Don't do anything stupid
or you'll go to jail.

- Why would you go to jail?
- Well, that's kind of complicated.

And why was Uncle Charlie kissing Rose?

- Well, that was the...
- And what are pherobones?

That one I know,
and it's pronounced pheromones...

Never mind.

Wow, you're really good at that.

Thanks. I took some cosmetology courses.

I figure I'll be a beautician,
or a supermodel.


- You want another Goofy Juice?
- Aren't you the sweetest.

That's twice he's done that.

You gotta admit,
she did a nice job on those windows.

Jake, you need to get started
on that book report.

- But Prudence is thirsty.
- I'll take care of Prudence.

- Come on, get going.
- Man!

- Charlie, you want to...
- Not a chance in hell.

Remember when you used to say that
about us?

- Here.
- Thanks.

Where's my little pal?

- He has work to do. Kind of like you.
- Are you gonna tell on me?

No, it was just...

Just an observation.

Just calling them as I see them.

Glean from it what you will.

- What are you talking about?
- I'm not really sure anymore.

But I do want you to know that

I understand how angry
and powerless you feel.

Believe it or not,
I was a teenager once, too.

And I can remember what it's like
to rebel against parental authority.

Or in your case,
grandparental authority.

- Can you put some of this on my back?
- No.

If you don't, I'll burn.

If I do, I will.

- Judith. What a surprise.
- Hello, Charlie.


- what's new?
- Where's Jake?

In his room, doing a book report.

Well, how can he do a book report
when he left the book at my house?

That little dickens.
Trying to pull the wool over our eyes.

- I'll take care of this right now. Bye.
- Charlie, I want to see Jake.

Sure. Hang on.

Jake? Your mother's here!

- What?
- Your mom's here. Talk to your mom.

- Here he is.
- Hi, Mom.

Hi, sweetie.
Are you having a fun weekend?

You know Berta,
Uncle Charlie's housekeeper...

Of course she knows her.
Who doesn't know Berta?

- She brought her granddaughter over.
- Yeah. Sweet little kid.

That's nice.
Have you been playing with her?

Oh, yeah. I mean, he has. Not me.

Hey, Judith. What's up?

Well, it turns out this little rascal
was pulling a fast one on us.

Doing a book report without the book.

Oh, Jake. All right, young man,
you get to work right now.

- Jake?
- Oh, yeah.

So, thanks for stopping by.

I guess I'll see you
when you come to pick him up.

- What's going on here?
- Nothing. What?

Oh, hi, Judith.

Did you hear the good news?
Charlie and I are back together.

Oh, really?

Yep. That's what's going on here.

Well, just show a little discretion
in front of my son, Charlie.


- You got that, Rose? Discretion.
- Got it, Monkey Man.

I think I have a concussion.

Thanks for helping me
with my book report, Prudence.

Oh, no problem.
Fourth-grade stuff is easy for me.

Should be, you did it twice.

Let's go before we miss the bus.

- Later, handsome.
- Bye.

So, what are we doing tonight, sweetie?

Rose, I really appreciate your help,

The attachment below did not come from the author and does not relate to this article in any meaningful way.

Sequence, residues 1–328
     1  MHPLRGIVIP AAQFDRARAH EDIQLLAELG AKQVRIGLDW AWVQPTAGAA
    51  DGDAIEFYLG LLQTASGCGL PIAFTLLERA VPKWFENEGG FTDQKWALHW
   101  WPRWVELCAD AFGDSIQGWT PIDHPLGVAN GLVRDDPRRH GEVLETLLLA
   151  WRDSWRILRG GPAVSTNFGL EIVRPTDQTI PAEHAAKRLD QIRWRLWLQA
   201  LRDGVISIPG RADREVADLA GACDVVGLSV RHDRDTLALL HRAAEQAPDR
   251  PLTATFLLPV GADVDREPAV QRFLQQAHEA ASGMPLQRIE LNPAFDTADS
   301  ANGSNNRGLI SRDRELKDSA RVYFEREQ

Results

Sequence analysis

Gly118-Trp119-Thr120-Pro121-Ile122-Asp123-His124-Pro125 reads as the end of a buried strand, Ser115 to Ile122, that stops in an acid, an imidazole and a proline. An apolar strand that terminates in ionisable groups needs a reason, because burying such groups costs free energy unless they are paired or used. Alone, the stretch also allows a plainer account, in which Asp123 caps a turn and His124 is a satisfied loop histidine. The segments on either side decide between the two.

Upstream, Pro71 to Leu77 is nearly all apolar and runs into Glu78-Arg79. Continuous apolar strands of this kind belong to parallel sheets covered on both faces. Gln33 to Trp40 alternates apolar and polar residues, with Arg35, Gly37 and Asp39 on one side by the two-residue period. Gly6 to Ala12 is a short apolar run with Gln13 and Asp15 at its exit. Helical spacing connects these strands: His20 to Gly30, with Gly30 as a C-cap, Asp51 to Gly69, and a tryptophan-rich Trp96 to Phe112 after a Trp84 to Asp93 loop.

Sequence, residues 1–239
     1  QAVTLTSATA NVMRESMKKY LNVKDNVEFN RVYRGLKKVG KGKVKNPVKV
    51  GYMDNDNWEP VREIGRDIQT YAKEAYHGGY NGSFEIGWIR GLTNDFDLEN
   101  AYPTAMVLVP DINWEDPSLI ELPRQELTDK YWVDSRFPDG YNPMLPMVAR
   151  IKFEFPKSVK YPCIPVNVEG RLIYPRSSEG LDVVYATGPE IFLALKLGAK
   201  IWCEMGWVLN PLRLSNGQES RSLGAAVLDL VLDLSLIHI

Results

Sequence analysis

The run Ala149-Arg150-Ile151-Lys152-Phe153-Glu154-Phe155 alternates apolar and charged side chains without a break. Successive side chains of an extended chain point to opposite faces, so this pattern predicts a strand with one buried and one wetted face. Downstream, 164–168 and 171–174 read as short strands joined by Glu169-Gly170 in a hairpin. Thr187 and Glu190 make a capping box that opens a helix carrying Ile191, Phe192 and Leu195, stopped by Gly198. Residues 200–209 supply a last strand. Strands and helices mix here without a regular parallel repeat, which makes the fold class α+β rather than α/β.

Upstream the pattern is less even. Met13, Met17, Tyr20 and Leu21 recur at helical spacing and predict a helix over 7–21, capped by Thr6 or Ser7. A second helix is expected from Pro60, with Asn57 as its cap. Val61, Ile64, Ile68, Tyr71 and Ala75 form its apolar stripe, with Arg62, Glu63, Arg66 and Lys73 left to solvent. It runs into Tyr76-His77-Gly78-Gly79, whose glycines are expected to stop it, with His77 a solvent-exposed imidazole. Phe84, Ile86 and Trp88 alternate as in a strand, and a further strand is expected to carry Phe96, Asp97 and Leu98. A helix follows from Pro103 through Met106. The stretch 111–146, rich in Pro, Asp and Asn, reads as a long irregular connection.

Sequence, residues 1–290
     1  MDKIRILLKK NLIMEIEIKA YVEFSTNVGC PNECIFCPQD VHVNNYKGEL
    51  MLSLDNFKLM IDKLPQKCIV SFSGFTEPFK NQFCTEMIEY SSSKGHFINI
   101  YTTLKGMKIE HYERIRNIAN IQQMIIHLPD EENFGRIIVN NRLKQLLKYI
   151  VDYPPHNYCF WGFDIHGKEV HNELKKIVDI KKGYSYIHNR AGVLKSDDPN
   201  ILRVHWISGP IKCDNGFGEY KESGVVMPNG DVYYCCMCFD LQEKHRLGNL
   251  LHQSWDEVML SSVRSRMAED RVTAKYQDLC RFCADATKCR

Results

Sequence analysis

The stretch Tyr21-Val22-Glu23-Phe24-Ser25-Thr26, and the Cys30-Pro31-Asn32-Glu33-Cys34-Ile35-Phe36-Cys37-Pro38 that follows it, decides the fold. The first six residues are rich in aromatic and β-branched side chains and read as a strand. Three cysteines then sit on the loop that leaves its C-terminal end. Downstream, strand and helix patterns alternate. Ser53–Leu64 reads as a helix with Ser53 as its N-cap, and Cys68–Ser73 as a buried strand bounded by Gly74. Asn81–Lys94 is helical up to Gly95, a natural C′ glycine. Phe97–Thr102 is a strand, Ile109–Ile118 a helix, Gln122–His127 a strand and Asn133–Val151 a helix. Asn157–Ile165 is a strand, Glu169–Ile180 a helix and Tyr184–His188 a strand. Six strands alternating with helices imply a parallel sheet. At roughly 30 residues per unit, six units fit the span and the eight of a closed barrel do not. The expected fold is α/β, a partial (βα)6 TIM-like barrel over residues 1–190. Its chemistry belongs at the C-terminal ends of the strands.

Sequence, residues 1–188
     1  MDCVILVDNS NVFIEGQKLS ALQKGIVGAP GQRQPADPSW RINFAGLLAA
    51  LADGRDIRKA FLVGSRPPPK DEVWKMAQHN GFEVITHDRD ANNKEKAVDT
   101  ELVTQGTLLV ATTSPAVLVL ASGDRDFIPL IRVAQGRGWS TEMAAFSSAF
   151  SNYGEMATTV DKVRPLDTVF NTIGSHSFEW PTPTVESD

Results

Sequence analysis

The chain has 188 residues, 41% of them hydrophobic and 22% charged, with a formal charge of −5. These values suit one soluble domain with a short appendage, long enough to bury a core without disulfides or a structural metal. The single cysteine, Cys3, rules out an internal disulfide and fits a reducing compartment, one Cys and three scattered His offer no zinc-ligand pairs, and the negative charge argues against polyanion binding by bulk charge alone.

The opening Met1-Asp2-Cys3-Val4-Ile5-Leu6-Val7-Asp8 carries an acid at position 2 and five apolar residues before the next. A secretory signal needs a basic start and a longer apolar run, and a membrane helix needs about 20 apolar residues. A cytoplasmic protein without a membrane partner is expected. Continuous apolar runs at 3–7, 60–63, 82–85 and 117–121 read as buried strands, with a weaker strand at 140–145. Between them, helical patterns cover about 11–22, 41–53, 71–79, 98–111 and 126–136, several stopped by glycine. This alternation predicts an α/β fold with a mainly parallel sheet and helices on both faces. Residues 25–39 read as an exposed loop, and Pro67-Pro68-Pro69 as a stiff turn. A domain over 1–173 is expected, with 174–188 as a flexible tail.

but you don't have to pretend
to be my girlfriend anymore.

Oh, no.

Are you pretending to break up with me?

2:00 in the morning. This better be God.

Oh, God.


Prudence, what the hell
are you doing here?

- I had a fight with my grandmother.
- So?

When I have a fight with my grandmother,
I don't come to your house.

I know, I'm sorry.
I just didn't know where else to go

and I thought you were cool.

Look, Prudence, this just can't happen.

I mean, you're very nice and pretty,
but in prison, so am I.

Bitching house, man.
You should rent it to MTV.

- Who the hell are you?
- What's going on?

Put down the toothbrush, Alan, we've got
bigger problems than gingivitis.

What's she doing here?
Who the hell is this?

This is Freddie. My fianc?.

- 'Sup.
- 'Sup?

I'll tell you what's 'sup. I'm 'sup.

And I should be seeping. Sleeping.

What's going on here?

Well, Freddie came over to announce
our engagement, and Nana threw him out.

Really? She didn't take a shine
to Bazooka Joe here?

You know,
I'm kind of more of an acquired taste.

So we just need a place to crash tonight

because tomorrow we're gonna go
to Vegas and get married.

- Oh, Prudence, that's a terrible idea.
- Yeah.

If you leave right now,
you can beat the traffic.

We can't go tonight.

He's gotta pick up his last paycheck
from the photomat.

Yeah, $218.

I'll give you $300 to leave right now.

- Charlie, we can't let them go.
- Why not?

Because they're stupid and they'll die.

- What's going on?
- Hey, handsome.

- Who's he?
- This is Freddie, my fianc?.

- You're marrying him?
- Freddie, this is Jake.


Charlie, I saw the lights come on,
is everything okay?

Yeah, Rose, everything's fine.

She's your girlfriend
but she doesn't sleep here?

Yeah, what's up with that, Charlie?

- I told you they'd be here.
- Come here, you little snot bubble.

What do you think you're doing
with my baby girl?

Mom, leave him alone! I love him.

Give me a break, Prudence.
You're 16 years old,

and your hormones are doing
all your thinking for you.

Hi, you must be Charlie.


- That's it, we're outta here.
- But, Mom...

- Grandma!
- Oh, shut up, both of you!

- Can I at least give him my number?
- He's got your number, sweetheart.

I guess I'll take the couch.

Okay, I'm going!

Don't you ever come back!

Ready for bed, lamb chop?

It was worth a shot.

- Is Mom here yet?
- No.

- Sit down a minute, Jake, okay?
- Did I do something wrong?


- We just want to talk.
- Okay. What do you want to talk about?

Well, you know how I've always told
you that you should always tell

your parents the truth, no matter what?

Well, forget it.

Charlie. Jake, it's just that...

We're just saying a lot of things
happened here this weekend,

and it's not really necessary
that your mother know about them.

So you want me to lie?

No, it's not really lying.

When a boy becomes a man,

and that's what you're becoming.

- Right, Charlie?
- Oh, yeah, a man.

He has to start protecting the women
in his life from certain things.

Like the truth.

Do you understand?

I think so.
You don't want Mom to know about

Prudence and her boyfriend
and everything.

Good man.

- Hi, Judith.
- Hello, Alan.

- Charlie.
- Judith.

- You ready to go, sweetheart?
- Yep.

How was your weekend?

Uncle Charlie says I don't
have to tell you.